Our research focusses on the development and the applications of theoretical methods for simulating the dynamics of molecules beyond the Born-Oppenheimer approximation, i.e., when the coupling between electronic and nuclear motion cannot be neglected and leads to the appearance of the so-called nonadiabatic effects. The breakdown of the Born-Oppenheimer approximation is common for photoinduced and electron-transfer processes, e.g. photochemical reactions, photosynthesis, solar cells, retinal isomerization in the primary step of vision, chemiluminescence, or in atmospheric chemistry, and leads to fascinating phenomena. In fact, nonadiabatic effects are ubiquitous as soon as a given chemical process requires more than one electronic state for its description, but their theoretical description remains an important and arduous challenge due to the necessity of revisiting several critical approximations commonly employed in theoretical chemistry.


The main pillars of our scientific research are the development and the application of theoretical methods for studying the dynamics of molecules in their electronically excited states.

Method development

We are currently working on the development of a hierarchy of nonadiabatic methods centered around trajectory-guided techniques, such as full multiple spawning, with a controllable degree of accuracy. We are not only interested in the accuracy of the nuclear dynamics per se, but also in the inclusion of different additional factors contributing to a precise description of the excited-state dynamics, such as external fields, environment, or relativistic effects.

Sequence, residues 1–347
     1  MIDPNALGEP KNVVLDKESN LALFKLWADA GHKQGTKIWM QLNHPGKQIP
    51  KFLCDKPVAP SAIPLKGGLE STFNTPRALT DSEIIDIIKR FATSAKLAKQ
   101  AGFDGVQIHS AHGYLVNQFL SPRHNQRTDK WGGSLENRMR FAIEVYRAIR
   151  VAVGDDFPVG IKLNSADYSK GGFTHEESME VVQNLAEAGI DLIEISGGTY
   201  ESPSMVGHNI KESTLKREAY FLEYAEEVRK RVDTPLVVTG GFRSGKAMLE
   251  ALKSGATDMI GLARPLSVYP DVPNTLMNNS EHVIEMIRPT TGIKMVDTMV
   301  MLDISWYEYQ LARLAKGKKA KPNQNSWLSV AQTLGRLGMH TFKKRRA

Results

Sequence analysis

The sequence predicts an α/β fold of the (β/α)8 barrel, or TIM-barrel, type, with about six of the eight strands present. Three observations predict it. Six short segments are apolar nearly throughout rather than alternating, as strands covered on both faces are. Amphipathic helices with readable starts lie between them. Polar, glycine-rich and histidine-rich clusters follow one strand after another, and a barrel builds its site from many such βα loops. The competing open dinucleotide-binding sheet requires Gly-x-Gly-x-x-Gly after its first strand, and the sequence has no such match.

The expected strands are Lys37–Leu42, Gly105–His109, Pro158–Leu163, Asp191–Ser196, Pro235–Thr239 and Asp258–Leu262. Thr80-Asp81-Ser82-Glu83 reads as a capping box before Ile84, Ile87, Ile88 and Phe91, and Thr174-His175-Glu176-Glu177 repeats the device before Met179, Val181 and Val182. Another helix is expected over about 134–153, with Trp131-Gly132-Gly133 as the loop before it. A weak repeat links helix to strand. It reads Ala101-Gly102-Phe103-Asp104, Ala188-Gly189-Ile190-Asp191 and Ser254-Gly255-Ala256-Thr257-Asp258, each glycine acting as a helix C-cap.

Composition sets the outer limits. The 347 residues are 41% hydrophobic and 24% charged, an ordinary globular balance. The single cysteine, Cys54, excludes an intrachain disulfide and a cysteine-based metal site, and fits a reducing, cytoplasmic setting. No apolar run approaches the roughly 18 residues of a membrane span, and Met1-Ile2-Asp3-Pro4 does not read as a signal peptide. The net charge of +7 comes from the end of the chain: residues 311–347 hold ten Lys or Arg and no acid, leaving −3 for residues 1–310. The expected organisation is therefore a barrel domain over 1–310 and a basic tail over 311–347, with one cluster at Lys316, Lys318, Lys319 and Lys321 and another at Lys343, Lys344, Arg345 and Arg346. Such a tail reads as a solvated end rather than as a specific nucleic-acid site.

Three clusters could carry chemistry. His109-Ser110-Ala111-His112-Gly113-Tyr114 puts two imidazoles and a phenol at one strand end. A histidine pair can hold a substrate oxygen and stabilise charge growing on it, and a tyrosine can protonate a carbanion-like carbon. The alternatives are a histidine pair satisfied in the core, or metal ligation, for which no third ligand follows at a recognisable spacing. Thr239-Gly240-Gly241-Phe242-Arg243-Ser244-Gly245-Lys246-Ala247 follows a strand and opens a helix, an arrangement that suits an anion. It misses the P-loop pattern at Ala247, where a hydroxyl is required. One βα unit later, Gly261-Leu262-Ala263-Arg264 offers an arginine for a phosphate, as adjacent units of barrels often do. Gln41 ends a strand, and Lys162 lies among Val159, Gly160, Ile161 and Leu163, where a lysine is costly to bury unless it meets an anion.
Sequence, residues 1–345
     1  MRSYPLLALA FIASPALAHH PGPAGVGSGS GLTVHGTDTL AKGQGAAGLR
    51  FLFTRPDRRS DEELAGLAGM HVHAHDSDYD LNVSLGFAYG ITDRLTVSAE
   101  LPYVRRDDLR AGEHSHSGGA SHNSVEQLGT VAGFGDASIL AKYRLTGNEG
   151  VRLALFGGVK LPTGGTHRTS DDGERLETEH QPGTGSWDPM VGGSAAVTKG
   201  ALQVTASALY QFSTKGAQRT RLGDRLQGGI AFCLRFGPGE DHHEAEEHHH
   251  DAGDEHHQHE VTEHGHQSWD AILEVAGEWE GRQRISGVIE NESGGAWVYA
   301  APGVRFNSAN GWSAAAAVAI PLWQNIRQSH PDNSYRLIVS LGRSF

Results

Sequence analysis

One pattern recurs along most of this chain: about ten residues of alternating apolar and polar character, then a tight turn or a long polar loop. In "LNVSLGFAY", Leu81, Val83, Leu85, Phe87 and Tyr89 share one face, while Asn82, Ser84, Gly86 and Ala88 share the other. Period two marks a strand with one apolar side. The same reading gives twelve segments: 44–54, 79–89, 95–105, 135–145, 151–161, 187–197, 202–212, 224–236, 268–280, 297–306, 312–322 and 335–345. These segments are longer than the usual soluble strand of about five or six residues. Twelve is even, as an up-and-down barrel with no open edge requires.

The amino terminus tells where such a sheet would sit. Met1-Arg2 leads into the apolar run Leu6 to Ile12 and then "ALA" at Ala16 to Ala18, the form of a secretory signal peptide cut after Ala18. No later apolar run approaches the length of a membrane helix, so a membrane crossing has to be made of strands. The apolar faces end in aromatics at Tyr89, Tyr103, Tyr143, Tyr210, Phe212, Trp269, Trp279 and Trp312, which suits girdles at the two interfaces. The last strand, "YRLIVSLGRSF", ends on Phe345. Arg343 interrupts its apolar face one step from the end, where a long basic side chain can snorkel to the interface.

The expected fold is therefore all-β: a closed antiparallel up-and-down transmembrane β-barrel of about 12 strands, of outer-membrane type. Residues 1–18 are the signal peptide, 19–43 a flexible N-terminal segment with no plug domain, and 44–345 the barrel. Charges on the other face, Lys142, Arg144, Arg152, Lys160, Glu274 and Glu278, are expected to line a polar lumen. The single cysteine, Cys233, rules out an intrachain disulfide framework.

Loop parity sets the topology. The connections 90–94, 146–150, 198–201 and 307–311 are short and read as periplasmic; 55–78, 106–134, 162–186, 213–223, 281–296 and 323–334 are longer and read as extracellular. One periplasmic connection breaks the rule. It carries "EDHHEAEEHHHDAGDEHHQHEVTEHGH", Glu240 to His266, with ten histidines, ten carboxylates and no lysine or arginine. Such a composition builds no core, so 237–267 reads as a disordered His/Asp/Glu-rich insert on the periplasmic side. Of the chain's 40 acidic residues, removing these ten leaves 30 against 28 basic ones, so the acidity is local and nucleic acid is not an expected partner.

We also employ the formalism of the Exact Factorization to study the ultrafast funneling processes of photoexcited molecular systems. If you are interested in the Exact Factorization and discovering how it can be used to analyze quantum molecular dynamics, please visit the code section of this website.


Applications of nonadiabatic dynamics

We apply nonadiabatic techniques to the study of transient molecules of first importance for atmospheric chemistry and to study excited-state processes in energy-related devices. We also intensively collaborate with experimental groups to employ a broad panel of theoretical techniques to study real chemical problems and to provide a theoretical support for the analysis of complex experimental data.


National and international collaborators

Group poster (2019)

Poster for the Postgraduate open days at Durham University (Nov. 2019).